Willa Cather is famous for a series of Nebraska fictions, in which it depicts the prairie landscape and the pioneers' lives in the American west. Much attention has been paid to natures descriptions, especially for the American west prairie landscape in her fictions. However, Cheryll Glotfelty points out that "although Cather's most famous work takes place in thinly populated western landscape, she chose to live in New York city, and in fact, set several of her works in cities". The purpose of this paper is to make an analysis on "space" in Cather's fictions. I argue that the "space" plays an important role in Cather's fictions, in a sense, Cather stresses the characters' space perceptions to the surrounding environment, not only in American west prairies, but also in modern cities. I attempt to discuss the theme from three aspects: At first, I argue that Cather's life experiences on space influence her writing, for example, her move with her family to Nebraska at the age of nine, her young editor life in New York , and the visit to Southeast America during her mid-life. Secondly, I argue that the train is an important metaphor in fiction. Cather intentionally depicts the trains to enlarge the space form in fiction. As modern transportation, at one hand, trains are used as the primary mode of transport between countries and cities, on the other hand, trains enlarge a person's world and man's sense of space. Then, I interpret how the characters perceive the surrounding environment by five senses to establish their identities in fiction.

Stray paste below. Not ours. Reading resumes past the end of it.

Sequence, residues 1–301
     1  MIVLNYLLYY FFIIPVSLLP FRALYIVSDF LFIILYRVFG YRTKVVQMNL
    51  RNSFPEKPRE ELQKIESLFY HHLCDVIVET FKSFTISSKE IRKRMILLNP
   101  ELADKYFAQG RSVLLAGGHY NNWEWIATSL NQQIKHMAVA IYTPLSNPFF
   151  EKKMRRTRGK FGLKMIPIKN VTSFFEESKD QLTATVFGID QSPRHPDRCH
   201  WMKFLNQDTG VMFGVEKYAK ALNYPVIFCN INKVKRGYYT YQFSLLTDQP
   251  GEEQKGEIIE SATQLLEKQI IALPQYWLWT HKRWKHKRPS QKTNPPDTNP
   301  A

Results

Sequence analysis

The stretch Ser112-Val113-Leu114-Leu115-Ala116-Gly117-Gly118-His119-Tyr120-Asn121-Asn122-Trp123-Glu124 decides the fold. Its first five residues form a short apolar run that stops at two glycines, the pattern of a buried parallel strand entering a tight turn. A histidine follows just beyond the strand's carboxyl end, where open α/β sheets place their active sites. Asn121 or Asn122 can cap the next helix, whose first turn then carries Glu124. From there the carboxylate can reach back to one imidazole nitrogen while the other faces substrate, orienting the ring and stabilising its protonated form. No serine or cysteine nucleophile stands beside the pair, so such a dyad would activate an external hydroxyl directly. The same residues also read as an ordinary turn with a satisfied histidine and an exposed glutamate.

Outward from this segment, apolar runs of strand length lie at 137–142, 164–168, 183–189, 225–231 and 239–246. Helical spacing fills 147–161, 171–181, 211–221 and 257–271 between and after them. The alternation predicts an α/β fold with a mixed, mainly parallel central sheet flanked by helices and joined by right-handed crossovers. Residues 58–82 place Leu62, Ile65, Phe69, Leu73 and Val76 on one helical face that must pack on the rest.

Fangyuan Xi, Tohoku University, Japan
This paper is part of the LibrAsia2013 Conference Proceedings (View)
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